WordPress REST-API nonce-sense.

Working with the WordPress REST-API is HELL. There. I said it. It is powerful, it is secure, it is everything a developer needs, but for the love of [fill in your favorite deity here], WordPress, be consistent!

Using the REST-API requires authentication. Well, that’s not a problem. Just create a route to log-in and one to log-out. WordPress has functions to do that.

wp_signon()
and
wp_logout()

The first hurdle is getting the WordPress REST API to function. Oh, wait, you need a nonce ?! Well, thank you WordPress for this ‘security’-measure. For everything else in WordPress the authentication cookies you get when logging in to /wp-admin are enough, but for REST-API you need a nonce … the F why !?

Sorry, but this is just NONCE-SENSE! Pun intented. If only it were funny.

To get nonces to actually work, you need something like this:
(over simplified, please make sure you do this un-hackable ^^)

Somewhere in PHP

<?php add_action('wp_head', function(){
print '<script>window.nonce = '. json_encode(wp_create_nonce( 'wp_rest' )) .'</script>';
}); ?>

and in your application.js

$(document).ajaxSend(function (event, xhr, settings) {
xhr.setRequestHeader('X-WP-Nonce', window.nonce);
});

Now you can send the nonce to WordPress. Great. But then it works once you are already logged in or not. It stops working on a change of log-in status. After log-in, the nonce is no longer valid and a new nonce is needed. Same after log-out.

Simple solution: in your REST response, send a new nonce, and update the nonce-variable in javascript accordingly.

Somewhere in PHP

<?php add_filter( 'rest_post_dispatch', function( WP_REST_Response $response) {
$response->header('X-WP-Nonce', wp_create_nonce( 'wp_rest' )); return $response;
}, PHP_INT_MAX);?>

and in your application.js

$(document).ajaxComplete(function (event, xhr, settings) {
window.nonce = xhr.getResponseHeader('X-WP-Nonce');
});

But wait; just generating a new nonce will not work!

Why not?

on wp_signon(), WordPress sets new cookies. but WordPress only uses set_cookie() to do that. In other words; the new cookies are valid only on consequent page loads.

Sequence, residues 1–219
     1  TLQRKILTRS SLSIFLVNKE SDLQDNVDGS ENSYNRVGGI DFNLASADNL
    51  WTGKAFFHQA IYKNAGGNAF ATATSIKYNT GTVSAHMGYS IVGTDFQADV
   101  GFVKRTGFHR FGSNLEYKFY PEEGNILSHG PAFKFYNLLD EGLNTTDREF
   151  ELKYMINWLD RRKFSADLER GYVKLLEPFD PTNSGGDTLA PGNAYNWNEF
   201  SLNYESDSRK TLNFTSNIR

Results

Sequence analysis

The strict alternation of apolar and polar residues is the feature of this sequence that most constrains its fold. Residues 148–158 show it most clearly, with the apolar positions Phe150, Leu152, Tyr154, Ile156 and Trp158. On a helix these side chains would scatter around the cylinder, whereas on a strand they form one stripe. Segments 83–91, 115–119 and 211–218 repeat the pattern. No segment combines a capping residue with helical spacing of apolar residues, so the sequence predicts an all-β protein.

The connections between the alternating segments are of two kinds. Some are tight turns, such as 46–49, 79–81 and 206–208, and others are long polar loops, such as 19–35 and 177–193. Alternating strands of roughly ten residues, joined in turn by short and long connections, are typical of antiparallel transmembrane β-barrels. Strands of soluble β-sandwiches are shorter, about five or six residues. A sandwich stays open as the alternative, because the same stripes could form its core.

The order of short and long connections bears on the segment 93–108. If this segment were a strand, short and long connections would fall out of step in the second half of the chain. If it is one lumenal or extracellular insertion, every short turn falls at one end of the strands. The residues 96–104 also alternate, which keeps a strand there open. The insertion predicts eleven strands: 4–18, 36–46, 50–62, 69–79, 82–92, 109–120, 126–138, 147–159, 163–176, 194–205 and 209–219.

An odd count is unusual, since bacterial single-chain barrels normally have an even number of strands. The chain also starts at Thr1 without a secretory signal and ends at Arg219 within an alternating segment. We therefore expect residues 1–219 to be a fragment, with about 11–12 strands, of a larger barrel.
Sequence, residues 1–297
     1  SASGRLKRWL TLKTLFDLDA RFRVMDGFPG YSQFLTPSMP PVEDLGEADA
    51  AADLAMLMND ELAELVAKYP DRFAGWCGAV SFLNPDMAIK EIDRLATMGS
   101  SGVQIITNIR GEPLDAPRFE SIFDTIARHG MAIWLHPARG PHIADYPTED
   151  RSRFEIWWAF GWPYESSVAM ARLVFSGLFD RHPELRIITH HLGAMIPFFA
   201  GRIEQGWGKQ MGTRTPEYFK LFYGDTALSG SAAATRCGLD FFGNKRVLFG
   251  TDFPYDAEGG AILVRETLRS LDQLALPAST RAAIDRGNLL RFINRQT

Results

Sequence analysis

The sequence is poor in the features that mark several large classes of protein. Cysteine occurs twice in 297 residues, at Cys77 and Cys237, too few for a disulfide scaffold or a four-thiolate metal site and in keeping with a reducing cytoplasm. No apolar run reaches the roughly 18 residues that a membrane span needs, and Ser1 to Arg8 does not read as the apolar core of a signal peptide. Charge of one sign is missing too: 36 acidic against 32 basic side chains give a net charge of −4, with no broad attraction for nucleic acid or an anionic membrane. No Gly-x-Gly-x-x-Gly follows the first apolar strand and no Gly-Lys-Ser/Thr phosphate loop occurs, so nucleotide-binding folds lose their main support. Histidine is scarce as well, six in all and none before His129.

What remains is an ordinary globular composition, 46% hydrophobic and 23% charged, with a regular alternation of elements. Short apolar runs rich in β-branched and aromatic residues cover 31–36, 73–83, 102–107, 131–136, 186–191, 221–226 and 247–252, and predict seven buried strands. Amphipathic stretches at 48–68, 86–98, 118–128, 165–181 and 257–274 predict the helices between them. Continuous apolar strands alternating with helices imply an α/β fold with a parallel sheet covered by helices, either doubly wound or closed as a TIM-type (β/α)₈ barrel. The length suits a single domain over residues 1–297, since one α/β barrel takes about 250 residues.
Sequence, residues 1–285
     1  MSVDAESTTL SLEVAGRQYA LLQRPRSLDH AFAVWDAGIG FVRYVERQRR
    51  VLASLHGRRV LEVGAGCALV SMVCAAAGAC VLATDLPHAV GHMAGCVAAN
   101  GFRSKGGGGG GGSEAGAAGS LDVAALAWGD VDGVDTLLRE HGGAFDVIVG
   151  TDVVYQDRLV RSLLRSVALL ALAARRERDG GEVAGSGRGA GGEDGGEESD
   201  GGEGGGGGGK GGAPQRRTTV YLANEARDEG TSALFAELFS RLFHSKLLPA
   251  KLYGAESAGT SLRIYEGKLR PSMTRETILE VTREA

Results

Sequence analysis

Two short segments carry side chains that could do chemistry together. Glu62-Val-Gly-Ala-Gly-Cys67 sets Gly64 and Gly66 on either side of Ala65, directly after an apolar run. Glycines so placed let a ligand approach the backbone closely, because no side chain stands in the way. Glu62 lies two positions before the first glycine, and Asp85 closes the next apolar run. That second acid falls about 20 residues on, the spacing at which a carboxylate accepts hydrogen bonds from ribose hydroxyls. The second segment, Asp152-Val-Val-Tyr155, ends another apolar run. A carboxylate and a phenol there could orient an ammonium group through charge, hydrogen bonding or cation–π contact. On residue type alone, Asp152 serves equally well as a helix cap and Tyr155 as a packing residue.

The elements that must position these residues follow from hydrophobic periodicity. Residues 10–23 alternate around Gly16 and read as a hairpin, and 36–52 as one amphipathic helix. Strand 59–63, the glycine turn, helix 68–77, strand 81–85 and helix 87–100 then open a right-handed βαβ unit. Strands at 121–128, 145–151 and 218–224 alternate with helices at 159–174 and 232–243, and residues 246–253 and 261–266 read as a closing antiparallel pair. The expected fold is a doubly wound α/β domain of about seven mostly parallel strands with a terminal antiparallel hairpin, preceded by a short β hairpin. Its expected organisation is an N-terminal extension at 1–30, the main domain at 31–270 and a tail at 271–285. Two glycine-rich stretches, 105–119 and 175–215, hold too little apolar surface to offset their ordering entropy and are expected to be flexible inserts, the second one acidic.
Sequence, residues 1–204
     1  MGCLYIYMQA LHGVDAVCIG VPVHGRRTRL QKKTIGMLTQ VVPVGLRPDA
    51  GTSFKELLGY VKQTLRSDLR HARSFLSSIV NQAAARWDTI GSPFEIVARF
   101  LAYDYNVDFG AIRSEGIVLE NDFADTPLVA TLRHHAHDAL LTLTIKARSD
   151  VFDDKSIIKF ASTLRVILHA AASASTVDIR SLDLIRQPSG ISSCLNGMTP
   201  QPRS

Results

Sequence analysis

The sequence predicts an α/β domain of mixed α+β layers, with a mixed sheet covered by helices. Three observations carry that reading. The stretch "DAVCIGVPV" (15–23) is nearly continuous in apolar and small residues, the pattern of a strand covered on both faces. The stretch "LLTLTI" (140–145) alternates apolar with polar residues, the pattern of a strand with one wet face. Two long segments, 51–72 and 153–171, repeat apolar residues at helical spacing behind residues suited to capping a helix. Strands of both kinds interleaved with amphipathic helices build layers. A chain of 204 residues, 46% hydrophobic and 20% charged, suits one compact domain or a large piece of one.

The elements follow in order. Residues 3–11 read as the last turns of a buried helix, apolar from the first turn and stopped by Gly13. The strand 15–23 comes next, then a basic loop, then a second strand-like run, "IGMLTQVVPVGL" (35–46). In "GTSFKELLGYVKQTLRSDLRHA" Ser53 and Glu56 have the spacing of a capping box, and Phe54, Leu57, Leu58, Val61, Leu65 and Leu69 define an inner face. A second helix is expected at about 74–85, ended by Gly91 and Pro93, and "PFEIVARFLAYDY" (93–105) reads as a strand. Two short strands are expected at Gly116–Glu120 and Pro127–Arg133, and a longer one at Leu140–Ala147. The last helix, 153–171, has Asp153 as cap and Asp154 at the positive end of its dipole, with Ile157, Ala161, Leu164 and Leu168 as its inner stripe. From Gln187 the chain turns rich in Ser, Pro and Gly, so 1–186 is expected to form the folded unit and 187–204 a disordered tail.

wp_create_nonce() uses the cookie-values in memory (PHP $_COOKIE) which … is NOT refreshed after log-in.
wp_logout() has the same issue. WordPress sends empty cookies, but does not update the local memory, again, requiring a page reload.

Solution:

Do what WordPress should do, but doesn’t.

<?php
add_action('set_logged_in_cookie', function($cookie_value){
$_COOKIE[ LOGGED_IN_COOKIE ] = $cookie_value;
}, PHP_INT_MAX); add_action('clear_auth_cookie', function(){
$_COOKIE[ LOGGED_IN_COOKIE ] = ' ';
});

With this, the used $_COOKIE variable is now identical to the cookie.

But this does not work… yet…

Why?

Well, wp_create_nonce() depends on more than just the cookie. It depends on the current-user also. The global variable $current_user holds the current user. So it would be safe to assume that on wp_signon(), that variable is updated, right? Well that assumption would be wrong!

wp_signon() does NOT set the global user object to the new user. And, failing consistently, wp_logout() does NOT invalidate the global user object.

Again, more hooks just to make WordPress do what it should do out of the box;

<?php
add_action('wp_login', function($login, $user){
wp_set_current_user( $user->ID );
}, PHP_INT_MAX, 2); add_action('wp_logout', function(){
wp_set_current_user( 0 );
}, PHP_INT_MAX);

The full code for your enjoyment:

P.s. I repeat: this code is perhaps not secure, perhaps over-simplified, but at least, with this, the REST-API is usable. The alternative is reverting to 1990s AJaX calls through wp-admin/admin-ajax.php.

Author: Remon Pel

WebDeveloper though not WebDesigner

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